|History and Biodata
Amir Mohammad Kabuli was an important cleric, belonging to the Hanafi school, one of the most moderate among the four schools of thought in Sunni Islam. He is a Sufi leader. He was killed in a blast on the Saiddiquiya mosque in the Sar-e-Kotal Khair khana area north of Kabul during evening prayers, killing and injuring a number of worshipers in which at least 20 people including children were killed. The killing of Kabuli follows last week’s suicide bombing of a high-ranking cleric, Rahimullah Haqqani, a Taliban insider, who also belonged to the Hanafi School. The ISKP had claimed responsibility of the suicide bombing at the Haqqani’s madrassah by a handicapped bomber who had hidden explosives in his prosthetic leg. Both Kabuli and Haqqani’s killings signal a grim ideological war between the Hanafi and the Salafi school that is being fought on Afghan soil.(20220817)
A large section of the Taliban belongs to the Hanafi school. According to some accounts, the school has evolved from the teachings of the eighth century scholar Abu Hanifa, who studied and taught in Kufa in Iraq. Two of his disciples, Abu Yusuf (d. 798) and al-Shaybani (d. 805), put together Abu Hanifa’s teachings, which were adopted by the Abbasid dynasty resulting in its international spread. “Hanafi doctrines have always been considered among the most flexible and liberal in Islamic law, including in the areas of criminal law, treatment of non-Muslims, individual freedoms, marriage and guardianship, and ownership and use of property."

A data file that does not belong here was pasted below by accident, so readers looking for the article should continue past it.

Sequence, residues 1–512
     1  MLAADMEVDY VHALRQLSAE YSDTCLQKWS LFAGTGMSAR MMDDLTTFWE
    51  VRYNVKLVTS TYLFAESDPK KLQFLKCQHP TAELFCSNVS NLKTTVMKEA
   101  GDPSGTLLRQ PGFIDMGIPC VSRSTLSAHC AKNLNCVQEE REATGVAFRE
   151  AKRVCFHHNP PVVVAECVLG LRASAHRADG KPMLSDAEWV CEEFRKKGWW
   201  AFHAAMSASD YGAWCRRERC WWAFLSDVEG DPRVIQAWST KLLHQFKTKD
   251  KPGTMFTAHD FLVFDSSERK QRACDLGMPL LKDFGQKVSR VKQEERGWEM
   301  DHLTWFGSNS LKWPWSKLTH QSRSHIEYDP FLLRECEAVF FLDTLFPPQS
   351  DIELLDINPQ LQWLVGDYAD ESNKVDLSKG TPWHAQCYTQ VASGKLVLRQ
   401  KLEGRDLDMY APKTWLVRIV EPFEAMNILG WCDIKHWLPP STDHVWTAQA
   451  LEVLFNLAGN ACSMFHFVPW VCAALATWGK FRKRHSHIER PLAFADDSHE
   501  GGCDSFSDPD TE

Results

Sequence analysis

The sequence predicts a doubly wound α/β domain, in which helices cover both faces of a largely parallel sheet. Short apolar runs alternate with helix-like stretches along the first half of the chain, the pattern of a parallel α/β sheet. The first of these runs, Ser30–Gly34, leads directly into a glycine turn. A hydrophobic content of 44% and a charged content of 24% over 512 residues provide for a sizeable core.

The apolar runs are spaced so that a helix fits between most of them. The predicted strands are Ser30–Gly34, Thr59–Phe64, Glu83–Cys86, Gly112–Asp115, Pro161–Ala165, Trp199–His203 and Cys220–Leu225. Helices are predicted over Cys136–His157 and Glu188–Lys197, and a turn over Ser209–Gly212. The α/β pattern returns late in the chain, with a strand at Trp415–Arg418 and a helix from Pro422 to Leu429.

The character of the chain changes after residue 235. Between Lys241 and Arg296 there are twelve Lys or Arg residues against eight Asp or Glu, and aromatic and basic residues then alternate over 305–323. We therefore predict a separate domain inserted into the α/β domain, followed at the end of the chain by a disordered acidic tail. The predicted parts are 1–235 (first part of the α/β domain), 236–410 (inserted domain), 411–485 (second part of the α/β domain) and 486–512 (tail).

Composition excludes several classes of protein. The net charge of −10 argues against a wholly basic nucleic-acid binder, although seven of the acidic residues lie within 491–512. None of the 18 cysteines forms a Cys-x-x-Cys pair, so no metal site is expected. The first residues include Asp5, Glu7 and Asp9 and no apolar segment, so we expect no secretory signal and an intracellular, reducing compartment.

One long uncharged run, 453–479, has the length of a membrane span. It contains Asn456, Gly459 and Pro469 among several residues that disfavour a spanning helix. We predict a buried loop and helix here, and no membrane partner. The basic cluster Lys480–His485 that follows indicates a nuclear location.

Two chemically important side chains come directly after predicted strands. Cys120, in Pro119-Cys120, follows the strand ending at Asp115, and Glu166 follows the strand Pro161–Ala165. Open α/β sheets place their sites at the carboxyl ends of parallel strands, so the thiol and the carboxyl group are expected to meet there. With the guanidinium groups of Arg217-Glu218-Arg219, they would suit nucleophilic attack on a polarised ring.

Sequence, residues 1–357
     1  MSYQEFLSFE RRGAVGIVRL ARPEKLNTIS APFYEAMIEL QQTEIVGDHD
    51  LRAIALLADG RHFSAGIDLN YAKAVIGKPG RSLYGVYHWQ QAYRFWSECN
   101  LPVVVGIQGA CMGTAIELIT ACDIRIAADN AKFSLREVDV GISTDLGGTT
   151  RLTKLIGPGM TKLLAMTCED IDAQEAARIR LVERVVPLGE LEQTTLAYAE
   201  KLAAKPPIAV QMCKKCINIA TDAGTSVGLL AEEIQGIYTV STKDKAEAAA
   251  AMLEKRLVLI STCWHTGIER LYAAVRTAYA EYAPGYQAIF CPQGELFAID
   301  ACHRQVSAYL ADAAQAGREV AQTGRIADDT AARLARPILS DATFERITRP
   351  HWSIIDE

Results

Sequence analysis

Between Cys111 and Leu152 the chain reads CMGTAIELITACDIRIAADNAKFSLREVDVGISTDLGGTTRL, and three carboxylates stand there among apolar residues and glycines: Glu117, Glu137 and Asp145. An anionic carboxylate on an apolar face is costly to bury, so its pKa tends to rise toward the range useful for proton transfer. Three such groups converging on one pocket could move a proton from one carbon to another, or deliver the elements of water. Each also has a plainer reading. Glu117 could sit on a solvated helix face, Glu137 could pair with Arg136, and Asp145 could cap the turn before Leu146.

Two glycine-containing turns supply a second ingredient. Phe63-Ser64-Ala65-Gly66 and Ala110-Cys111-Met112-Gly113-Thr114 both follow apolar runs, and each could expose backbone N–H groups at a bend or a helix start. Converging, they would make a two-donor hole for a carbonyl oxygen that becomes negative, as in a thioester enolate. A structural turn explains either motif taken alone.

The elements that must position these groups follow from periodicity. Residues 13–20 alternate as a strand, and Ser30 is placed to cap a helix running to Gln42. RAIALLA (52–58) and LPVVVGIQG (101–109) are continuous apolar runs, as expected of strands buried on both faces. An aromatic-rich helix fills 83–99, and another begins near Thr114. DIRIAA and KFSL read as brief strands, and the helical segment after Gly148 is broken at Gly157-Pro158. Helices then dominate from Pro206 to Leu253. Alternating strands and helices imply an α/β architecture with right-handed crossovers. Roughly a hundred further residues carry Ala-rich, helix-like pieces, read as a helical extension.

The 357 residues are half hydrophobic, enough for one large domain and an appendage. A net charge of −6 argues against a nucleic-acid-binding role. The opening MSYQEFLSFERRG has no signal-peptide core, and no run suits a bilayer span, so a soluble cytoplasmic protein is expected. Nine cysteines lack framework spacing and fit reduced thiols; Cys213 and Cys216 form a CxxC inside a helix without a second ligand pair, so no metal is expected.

The Salafists violently reject the Hanafi school. One of the most “ultra-conservative” school believes that authentic Islam can be derived by rigorously following the footsteps of the early, righteous generations of Muslims, known as the Salaf, who were closest to Prophet Muhammad. Salafis believe not just in the “spirit” but in the “letter” of the law, setting them apart from their mainstream counterparts. Born out of this puritanical zeal, Salafi-Jihadism has emerged as a potent force. “Salafi-jihadists tend to emphasize the military exploits of the Salaf (the early generations of Muslims) to give their violence an even more immediate divine imperative.